How To Do a Colorado DMV Change of Address | Moving.comColorado recently became the latest state to consider a comprehensive consumer privacy law.  On March 19, 2021, Colorado State Senators Rodriguez and Lundeen introduced SB 21-190, entitled “an Act Concerning additional protection of data relating to personal privacy”. Following California’s bold example of the California Consumer Privacy Act (“CCPA”) effective since January 2020, Virginia recently passed its own robust privacy law, the Consumer Data Protection Act (“CDPA”), and New York, as well as other states, like Florida, appear poised to follow suit.  Furthermore, California is expanding protections provided by the CCPA, with the California Privacy Rights Act (CPRA) – approved by California voters under Proposition 24 in the November election.

Unsurprisingly, Colorado’s SB 21-190 generally tracks the CCPA, CPDA, CPRA and the EU General Data Protection Regulation (GDPR).  Key elements of the Colorado bill include:

  • Jurisdictional Scope. SB 21-190 would apply to legal entities that conduct business or produce products or services that are intentionally targeted to Colorado residents and that either:
    • Control or process personal data of more than 100,000 consumers per calendar year; or
    • Derive revenue from the sale of personal data and control or process the personal data of at least 25,000 consumers.
  • Exemptions. SB 21-190 includes various exemptions related to healthcare entities and health data, such as protected health information under HIPAA, patient identifying information maintains by certain substance abuse treatment facilities, and identifiable private information collected in connection with human subject research. Additional exemptions include without limitation personal data collected for the purposes of the Gramm Leach Bliley Act (GLBA), Driver’s Privacy Protection Act (DPPA), Children’s Online Privacy Protection Act (COPPA), Family Educational Rights Act and Privacy Act. Finally, data maintained for employment records purposes are exempted as well.
  • Personal Data. Similar to its counterparts, Colorado’s SB 21-190 broadly defines personal data to mean “information that is linked or reasonably linkable to an identified or identifiable individual.”
  • Sensitive Data. Like the CPDA, CPRA and GDPR, SB 21-190 includes a category for “sensitive data”. This is defined as “personal data revealing racial or ethical origin, religious beliefs, a mental or physical health condition or diagnosis, sex life or sexual orientation, or citizenship or citizenship status OR genetic or biometric data that may be processed for the purpose of uniquely identifying an individual OR personal data from a known child”. As with Virginia’s CPDA, there are two key compliance obligations related to “sensitive data”.  First, sensitive data cannot be processed without obtaining consumer consent, or in the case of a known child or student, without obtaining consent from a parent or lawful guardian.  Second, the controller must conduct and document a data protection assessment specifically for the processing of sensitive data.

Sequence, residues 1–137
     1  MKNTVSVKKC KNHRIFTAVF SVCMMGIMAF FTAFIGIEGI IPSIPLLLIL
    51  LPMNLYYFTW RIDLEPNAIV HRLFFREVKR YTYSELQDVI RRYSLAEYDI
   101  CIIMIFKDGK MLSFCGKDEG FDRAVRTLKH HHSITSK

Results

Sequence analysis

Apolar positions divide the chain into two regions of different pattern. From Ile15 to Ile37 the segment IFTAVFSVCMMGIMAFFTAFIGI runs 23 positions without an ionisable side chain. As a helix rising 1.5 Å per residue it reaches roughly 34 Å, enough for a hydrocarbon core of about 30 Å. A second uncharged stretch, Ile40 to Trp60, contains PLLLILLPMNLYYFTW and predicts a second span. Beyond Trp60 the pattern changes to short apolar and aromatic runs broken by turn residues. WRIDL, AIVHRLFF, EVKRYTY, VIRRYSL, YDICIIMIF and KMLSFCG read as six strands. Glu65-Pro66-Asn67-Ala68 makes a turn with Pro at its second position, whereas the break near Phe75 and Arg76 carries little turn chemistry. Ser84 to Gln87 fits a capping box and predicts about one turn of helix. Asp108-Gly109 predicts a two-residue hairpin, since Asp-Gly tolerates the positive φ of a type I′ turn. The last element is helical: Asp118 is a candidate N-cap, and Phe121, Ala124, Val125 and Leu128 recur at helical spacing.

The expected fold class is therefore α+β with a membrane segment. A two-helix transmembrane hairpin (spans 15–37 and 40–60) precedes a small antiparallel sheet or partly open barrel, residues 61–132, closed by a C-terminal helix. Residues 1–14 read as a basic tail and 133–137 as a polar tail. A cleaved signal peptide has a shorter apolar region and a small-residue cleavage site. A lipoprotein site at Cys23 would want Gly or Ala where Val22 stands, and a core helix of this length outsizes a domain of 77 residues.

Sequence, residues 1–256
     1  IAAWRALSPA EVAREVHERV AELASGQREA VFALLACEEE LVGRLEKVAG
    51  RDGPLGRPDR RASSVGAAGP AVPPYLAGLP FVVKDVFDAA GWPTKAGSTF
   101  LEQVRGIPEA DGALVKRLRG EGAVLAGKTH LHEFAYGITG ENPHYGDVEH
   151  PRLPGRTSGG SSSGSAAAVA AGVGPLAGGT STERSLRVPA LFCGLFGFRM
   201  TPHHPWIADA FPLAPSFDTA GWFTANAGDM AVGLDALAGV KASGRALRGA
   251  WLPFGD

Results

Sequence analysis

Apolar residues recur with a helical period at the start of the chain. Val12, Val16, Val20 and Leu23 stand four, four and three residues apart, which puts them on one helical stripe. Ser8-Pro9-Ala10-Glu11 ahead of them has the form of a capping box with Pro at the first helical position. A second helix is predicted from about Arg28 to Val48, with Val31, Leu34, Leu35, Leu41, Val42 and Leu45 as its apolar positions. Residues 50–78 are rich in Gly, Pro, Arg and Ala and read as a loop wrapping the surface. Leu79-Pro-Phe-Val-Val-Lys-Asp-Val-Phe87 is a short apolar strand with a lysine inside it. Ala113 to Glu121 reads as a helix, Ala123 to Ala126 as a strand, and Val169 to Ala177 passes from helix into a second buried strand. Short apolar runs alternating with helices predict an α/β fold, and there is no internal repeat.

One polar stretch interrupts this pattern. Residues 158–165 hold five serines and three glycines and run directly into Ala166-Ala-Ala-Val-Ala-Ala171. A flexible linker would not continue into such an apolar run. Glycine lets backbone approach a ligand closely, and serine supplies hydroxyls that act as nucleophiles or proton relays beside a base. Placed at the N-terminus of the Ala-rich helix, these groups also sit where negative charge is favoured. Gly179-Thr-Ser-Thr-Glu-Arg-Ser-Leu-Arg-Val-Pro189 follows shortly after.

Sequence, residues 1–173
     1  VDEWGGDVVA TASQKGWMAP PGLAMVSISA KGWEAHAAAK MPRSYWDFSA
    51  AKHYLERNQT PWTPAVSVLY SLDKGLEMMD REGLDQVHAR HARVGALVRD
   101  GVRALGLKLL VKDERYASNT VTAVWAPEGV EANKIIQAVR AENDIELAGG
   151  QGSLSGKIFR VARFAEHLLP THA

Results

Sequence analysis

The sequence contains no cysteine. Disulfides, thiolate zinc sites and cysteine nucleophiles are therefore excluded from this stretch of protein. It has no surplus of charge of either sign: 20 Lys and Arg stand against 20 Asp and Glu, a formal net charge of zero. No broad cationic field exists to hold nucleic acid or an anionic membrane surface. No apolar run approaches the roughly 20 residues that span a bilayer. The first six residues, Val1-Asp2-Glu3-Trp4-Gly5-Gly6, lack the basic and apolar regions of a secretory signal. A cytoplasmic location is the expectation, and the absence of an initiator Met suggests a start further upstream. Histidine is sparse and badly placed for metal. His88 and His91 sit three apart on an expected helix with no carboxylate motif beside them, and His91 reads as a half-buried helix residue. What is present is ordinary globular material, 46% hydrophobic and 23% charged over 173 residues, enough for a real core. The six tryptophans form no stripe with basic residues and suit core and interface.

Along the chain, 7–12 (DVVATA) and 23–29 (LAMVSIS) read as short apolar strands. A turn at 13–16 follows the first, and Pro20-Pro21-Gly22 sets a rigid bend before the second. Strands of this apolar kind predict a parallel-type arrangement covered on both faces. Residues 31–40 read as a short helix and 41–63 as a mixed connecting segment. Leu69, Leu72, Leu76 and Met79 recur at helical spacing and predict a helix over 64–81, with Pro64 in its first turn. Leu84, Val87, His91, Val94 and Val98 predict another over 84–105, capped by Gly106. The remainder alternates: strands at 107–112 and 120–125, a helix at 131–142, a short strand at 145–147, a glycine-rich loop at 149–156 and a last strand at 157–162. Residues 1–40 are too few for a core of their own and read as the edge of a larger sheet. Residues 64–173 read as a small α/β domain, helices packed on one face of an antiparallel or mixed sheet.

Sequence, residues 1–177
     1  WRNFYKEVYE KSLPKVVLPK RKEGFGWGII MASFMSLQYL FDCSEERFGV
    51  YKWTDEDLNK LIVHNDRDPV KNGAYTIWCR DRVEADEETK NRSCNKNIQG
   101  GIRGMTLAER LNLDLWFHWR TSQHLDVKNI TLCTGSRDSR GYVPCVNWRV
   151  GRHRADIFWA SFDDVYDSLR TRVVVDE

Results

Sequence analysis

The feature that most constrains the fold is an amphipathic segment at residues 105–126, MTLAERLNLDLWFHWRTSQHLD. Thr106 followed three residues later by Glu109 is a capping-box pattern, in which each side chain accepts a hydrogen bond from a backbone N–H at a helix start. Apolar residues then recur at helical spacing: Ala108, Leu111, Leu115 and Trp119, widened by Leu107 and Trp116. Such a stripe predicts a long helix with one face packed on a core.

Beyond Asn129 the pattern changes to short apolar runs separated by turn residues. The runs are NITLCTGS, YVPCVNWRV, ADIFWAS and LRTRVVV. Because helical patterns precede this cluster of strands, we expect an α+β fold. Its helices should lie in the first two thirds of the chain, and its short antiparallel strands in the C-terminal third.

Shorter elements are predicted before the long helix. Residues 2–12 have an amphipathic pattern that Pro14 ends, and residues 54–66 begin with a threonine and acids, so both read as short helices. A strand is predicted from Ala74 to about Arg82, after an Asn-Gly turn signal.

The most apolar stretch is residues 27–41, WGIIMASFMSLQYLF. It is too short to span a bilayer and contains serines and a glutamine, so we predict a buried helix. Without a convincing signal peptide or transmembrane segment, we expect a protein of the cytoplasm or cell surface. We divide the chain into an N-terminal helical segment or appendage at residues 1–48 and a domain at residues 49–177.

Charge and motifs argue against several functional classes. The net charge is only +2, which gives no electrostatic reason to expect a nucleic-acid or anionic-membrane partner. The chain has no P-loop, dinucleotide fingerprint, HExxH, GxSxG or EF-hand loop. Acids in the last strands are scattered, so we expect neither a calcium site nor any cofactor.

• Protected Persons. SB 21-190 defines “consumer” as an “individual who is a Colorado resident acting only in an individual or household context”. The Colorado bill states that the definition of consumer does not include “an individual acting in a commercial or employment context”.
  • Consumer Rights. Under SB 21-190, consumers have the right to opt out of the processing of their personal data; access, correct, or delete the data; or obtain a portable copy of the data.
  • Data Protection Assessments. Akin to Virginia’s CPDA, the Colorado bill requires data controllers to conduct a data protection assessment for each of their processing activities involving personal data that presents a heightened risk of harm to consumers, such as processing for purposes of targeted advertising or processing sensitive data (as mentioned above).
  • Enforcement. If enacted, SB 21-190 would only be enforceable by the Colorado attorney general or district attorneys. A violation of law could result in a civil penalty of not more than $2,000 for each such violation (not to exceed $500,000 for any related series of violations), or injunction.

Colorado’s SB 21-190 is in the early stages of the legislative process, still it signals the continued momentum building in states across the country to enhance consumer data privacy and security protections. Organizations, regardless of their location, should be carefully assessing their data collection activities, developing policies and procedures to address their evolving compliance obligations and data-related risks, and training their workforce on effective implementation of those policies and procedures.

Email this postTweet this postLike this postShare this post on LinkedIn
Photo of Joseph J. Lazzarotti Joseph J. Lazzarotti

Joseph J. Lazzarotti is a principal in the Berkeley Heights, New Jersey, office of Jackson Lewis P.C. He founded and currently co-leads the firm’s Privacy, Data and Cybersecurity practice group, edits the firm’s Privacy Blog, and is a Certified Information Privacy Professional (CIPP)…